- ^ Verducci, Tom (July 22, 2008). "What would my idol say about K-Rod's chase of the saves record?". SI.com. Retrieved April 4, 2016.
- ^ Marchman, Tim (July 22, 2008). "K-Rod May Be Baseball's First 60-Save Man". The New York Sun. Retrieved October 5, 2011.
Half of the Angels' games so far this year have offered a save opportunity, much higher than the typical team's rate, because they play a lot of close games, having only outscored their opponents 429-396.
- ^ Doolittle, Bradford (July 28, 2008). "Wishing that baseball's save statistic had never been invented". The Kansas City Star. Archived from the original on July 29, 2008. Retrieved February 28, 2011.
Prior to the save, there was no such thing as a closer in baseball. It is the only example in sports of a statistic creating a job — a well-paying job. But that's not my issue with the save.
- ^ a b Caple, Jim (August 5, 2008). "The most overrated position in sports". ESPN.com. Archived from the original on June 29, 2011. Retrieved May 24, 2017.
- ^ Passan, Jeff (April 26, 2010). "Should managers play Scrabble with relievers?". Yahoo! Sports. Archived from the original on January 19, 2012.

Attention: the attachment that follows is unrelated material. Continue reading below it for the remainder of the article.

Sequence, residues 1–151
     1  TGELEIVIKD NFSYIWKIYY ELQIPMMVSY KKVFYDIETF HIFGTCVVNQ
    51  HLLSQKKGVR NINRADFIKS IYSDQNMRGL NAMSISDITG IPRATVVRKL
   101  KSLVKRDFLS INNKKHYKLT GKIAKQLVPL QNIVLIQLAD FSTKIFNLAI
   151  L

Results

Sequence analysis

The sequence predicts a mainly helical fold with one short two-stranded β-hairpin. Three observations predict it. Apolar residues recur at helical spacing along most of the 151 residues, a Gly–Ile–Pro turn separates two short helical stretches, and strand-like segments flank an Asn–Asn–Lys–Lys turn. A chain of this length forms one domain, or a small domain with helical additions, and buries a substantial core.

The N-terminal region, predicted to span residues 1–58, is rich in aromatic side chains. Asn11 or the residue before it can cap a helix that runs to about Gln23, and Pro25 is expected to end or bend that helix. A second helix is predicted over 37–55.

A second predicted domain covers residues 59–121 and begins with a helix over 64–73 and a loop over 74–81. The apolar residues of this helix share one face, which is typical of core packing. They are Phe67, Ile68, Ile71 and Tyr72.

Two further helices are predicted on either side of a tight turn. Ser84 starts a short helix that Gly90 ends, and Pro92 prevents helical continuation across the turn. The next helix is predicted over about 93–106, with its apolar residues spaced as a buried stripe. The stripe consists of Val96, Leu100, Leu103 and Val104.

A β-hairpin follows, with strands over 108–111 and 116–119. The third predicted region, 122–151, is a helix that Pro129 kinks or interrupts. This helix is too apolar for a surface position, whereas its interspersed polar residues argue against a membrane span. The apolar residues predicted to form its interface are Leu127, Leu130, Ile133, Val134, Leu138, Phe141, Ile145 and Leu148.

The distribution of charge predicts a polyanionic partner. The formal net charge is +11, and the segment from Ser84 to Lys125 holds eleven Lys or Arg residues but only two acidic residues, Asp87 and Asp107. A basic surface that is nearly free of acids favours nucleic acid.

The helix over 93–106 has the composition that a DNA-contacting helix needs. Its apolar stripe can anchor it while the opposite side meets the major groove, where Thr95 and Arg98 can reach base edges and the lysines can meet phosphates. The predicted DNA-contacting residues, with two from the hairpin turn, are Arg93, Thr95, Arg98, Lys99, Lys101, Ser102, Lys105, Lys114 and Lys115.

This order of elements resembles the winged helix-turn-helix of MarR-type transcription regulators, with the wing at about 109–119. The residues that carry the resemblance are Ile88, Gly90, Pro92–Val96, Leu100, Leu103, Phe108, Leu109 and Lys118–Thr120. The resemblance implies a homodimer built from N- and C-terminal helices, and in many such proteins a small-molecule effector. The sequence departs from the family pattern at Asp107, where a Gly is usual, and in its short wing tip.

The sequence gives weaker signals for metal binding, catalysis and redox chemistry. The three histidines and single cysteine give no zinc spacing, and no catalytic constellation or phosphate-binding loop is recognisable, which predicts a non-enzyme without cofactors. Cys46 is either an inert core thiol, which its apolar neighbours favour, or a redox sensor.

- ^ Zimniuch 2010, pp.xxvi,158–9
- ^ Schecter, Gabriel (January 18, 2006). "The Evolution of the Closer". National Baseball Hall of Fame. Archived from the original on June 8, 2007.
Gossage and Fingers weren't far behind, with Fingers the only pitcher who pitched at least three innings in more than 10% of his saves. Sutter and Gossage had more saves where they logged at least two innings than saves where they pitched an inning or less.
- ^ Zimniuch 2010, p.99
- ^ a b Philip, Tom (April 30, 2011). "Blown saves are overblown". ESPN.com. Archived from the original on August 8, 2011.
- ^ Zimniuch 2010, p.98
- ^ a b c Silver, Nate (April 17, 2017). "The Save Ruined Relief Pitching. The Goose Egg Can Fix It". FiveThirtyEight.
- ^ Armour, Mark L.; Levitt, David R. (2004). Paths to Glory: How Great Baseball Teams Got That Way. Potomac Books. pp. 92–93. ISBN 9781574888058. Retrieved April 25, 2013.
- ^ "Career Leaders & Records for Saves". Baseball-Reference.com. Retrieved May 29, 2023.
- ^ "Progressive Leaders & Records for Saves". Baseball-Reference.com. Retrieved June 6, 2021.
- ^ "Single-Season Leaders & Records for Saves". Baseball-Reference.com. Retrieved June 6, 2021.
- ^ "Eric Gagne Consecutive Saves Record". Baseball Almanac. Retrieved June 6, 2021.